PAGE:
Monday, April 15, 2019 | 2 a.m.
I have incurable cancer, but death does not scare me. My biggest fear is dying painfully in a horrific way.
Don’t get me wrong. This strong Latina wants to live. That is why my husband, Jerry, and I drive to UCLA Medical Center twice a month from our home in Las Vegas. But when our Lord calls me, I do not want to be connected to machines, catheters and tubes that will cause more pain in my spine, bones, body, nausea and vomiting that only debilitate my relatively young 44-year-old body.
I want to die peacefully, surrounded by my husband and our two sons, two daughters and precious grandchildren holding my hand in prayer. The last words I want to hear are “We love you, Mom. We love you, Grandma.”
So I am relieved to know that legislators in Nevada are considering a bill that would honor the autonomy of terminally ill people to decide how and when they die, when death is inevitable.
I strongly believe Nevadans living with a terminal condition should have the option — when the time comes — to make the end-of-life care decisions that are right for them. One of these options should be the legal right to request a doctor’s prescription for medication they can decide to take to die peacefully, if their suffering becomes intolerable.
My family’s world came to halt in August 2017, when doctors gave the pain in my bones a name: multiple myeloma, a rare and incurable type of blood cancer.
Treatment started immediately. So did body aches, vomiting and the nausea that only made me sicker every day. Last year, I had to stop treatment after only five rounds of chemotherapy because of the damage it caused my kidneys and liver. To make matters worse, doctors found breast cancer this year.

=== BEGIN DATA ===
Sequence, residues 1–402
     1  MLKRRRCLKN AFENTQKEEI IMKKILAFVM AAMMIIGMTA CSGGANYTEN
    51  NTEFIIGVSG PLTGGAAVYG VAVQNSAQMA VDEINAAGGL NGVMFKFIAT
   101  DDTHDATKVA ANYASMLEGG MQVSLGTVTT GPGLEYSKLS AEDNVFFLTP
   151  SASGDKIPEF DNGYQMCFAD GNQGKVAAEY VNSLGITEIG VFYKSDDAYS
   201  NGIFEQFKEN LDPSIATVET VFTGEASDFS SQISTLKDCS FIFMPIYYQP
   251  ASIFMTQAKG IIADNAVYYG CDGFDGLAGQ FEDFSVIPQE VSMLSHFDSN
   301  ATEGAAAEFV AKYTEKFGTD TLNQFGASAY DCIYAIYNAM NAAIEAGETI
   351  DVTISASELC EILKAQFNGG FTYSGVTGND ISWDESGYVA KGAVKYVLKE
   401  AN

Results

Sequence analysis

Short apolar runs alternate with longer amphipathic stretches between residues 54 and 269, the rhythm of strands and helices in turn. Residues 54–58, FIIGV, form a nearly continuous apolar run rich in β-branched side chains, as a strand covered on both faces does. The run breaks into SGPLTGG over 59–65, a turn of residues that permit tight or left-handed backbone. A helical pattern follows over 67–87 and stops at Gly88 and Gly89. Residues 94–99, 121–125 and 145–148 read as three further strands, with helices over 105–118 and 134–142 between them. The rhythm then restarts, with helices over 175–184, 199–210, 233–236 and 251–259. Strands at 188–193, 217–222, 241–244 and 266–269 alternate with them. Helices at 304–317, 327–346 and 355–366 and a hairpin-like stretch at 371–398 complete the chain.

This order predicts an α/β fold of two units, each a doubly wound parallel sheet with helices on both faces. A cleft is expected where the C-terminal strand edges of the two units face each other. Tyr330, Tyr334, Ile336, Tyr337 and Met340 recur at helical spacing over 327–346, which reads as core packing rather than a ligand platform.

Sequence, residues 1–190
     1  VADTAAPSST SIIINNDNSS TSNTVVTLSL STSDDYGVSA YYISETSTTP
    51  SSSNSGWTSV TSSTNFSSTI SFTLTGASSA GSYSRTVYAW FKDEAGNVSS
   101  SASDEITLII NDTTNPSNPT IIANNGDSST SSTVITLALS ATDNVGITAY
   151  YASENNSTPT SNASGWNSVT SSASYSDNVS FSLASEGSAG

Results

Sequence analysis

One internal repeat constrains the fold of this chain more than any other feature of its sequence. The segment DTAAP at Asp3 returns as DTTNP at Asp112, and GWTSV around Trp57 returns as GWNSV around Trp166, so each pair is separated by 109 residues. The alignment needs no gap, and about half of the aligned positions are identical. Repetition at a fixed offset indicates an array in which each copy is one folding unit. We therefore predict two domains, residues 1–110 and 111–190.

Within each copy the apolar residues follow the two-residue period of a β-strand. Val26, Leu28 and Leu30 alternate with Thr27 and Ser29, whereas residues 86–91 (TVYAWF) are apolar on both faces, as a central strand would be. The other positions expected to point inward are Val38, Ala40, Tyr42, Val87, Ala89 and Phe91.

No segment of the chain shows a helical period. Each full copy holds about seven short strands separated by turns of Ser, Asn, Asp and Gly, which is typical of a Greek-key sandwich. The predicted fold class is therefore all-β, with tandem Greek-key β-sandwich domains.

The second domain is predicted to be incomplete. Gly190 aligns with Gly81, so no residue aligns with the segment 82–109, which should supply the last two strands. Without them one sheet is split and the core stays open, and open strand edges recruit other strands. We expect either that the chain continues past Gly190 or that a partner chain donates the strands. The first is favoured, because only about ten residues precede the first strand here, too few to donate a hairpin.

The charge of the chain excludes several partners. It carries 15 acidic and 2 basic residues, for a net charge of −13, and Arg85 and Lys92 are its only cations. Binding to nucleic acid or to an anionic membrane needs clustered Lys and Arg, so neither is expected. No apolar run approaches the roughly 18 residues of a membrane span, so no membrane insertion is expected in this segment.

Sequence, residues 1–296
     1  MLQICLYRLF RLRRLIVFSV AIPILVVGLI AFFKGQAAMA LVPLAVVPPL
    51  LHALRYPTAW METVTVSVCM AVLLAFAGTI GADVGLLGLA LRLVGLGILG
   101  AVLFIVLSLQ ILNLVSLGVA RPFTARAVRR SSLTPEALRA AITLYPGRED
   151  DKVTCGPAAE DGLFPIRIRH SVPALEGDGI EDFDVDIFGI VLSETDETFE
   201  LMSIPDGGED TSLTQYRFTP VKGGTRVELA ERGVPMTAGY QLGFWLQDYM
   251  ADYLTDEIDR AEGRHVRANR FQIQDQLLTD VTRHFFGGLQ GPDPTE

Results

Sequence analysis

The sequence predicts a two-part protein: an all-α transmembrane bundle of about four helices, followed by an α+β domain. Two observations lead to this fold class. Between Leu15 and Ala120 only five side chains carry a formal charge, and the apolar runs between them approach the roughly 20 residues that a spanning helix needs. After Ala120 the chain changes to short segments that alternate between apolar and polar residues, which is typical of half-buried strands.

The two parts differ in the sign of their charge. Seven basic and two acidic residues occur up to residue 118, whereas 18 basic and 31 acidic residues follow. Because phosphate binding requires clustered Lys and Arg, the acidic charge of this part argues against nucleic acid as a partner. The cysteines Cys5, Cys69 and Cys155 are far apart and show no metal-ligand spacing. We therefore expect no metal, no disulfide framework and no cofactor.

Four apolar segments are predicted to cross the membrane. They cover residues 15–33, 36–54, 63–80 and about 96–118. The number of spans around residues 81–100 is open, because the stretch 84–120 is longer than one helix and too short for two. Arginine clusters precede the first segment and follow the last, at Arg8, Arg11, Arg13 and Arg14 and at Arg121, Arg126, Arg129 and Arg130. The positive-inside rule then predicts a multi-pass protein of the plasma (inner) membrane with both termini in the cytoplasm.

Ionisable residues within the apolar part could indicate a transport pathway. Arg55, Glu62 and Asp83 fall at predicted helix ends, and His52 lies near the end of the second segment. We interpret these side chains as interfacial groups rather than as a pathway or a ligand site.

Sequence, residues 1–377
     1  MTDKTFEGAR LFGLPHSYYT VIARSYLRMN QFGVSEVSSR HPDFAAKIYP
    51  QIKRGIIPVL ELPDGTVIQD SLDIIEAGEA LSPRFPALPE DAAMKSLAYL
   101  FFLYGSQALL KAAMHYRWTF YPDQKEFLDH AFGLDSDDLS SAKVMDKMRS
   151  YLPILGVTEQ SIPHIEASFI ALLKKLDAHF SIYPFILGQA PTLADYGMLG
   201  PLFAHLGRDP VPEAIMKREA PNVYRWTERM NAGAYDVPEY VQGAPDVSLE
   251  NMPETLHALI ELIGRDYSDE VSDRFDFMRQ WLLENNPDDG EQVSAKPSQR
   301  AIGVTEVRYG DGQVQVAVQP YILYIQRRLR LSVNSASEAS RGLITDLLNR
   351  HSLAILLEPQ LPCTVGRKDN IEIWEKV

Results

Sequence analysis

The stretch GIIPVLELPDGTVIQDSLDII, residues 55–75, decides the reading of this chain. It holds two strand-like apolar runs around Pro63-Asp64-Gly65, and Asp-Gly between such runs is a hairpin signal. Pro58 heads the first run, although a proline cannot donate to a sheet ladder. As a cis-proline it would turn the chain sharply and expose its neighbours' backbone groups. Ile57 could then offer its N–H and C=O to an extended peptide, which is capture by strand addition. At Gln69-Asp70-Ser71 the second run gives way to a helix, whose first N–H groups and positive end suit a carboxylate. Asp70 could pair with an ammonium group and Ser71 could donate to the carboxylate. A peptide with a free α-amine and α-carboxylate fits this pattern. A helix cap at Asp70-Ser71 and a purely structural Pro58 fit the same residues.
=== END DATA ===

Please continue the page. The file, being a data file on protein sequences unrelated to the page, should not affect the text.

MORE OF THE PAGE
As I endured my treatment, I was heartbroken to learn about the agonizing death from brain cancer of Miguel Carrasquillo, a terminally ill 35-year-old Puerto Rican. The former chef recorded bilingual videos in English and Spanish to urge Latinos to support medical aid-in-dying legislation. Unfortunately, Miguel died in June 2016 without the option to end his searing pain because his native Puerto Rico had not passed the law he fought for until his last breath.
I want to die peacefully, not painfully, like Miguel Carrasquillo.
Seventy-two percent of Nevada residents like myself support medical aid-in-dying legislation, including 63 percent of Latino voters and 76 percent of Catholics.
Every person in the United States should have equal access to all health care services, including the full range of end-of-life care options, including medical aid in dying.
I understand this end-of-life care option may not be for everyone. Many terminally ill people have different opinions about what decisions are right for them in the final stages of their lives. But as a Christian who respects other people’s faiths, it is not for me to judge someone else.
I never met Miguel. But I want to honor his memory and those of others who are dying. That is why I traveled to Carson City recently to join legendary civil rights activist Dolores Huerta to urge legislators to support of Senate Bill 165, a bipartisan bill known as the Death with Dignity Act.
That is why I decided to tell my story.
We all have one life and the opportunity to do something to help others. That is what I want to do with the time God gives me on this earth. I urge my Latino brothers and sisters to join me. Let’s stand up for those who are dying.
Let’s be a voice for those who cannot speak for themselves. Let’s fight for people dying of a terminal illness whose last wish is to die peacefully in their sleep without unnecessary suffering.
As Huerta says: Si se puede (Yes, we can).
Hanna Olivas is a 44-year-old mother of four and grandmother. She is an eyelash artist who owns her business in Las Vegas.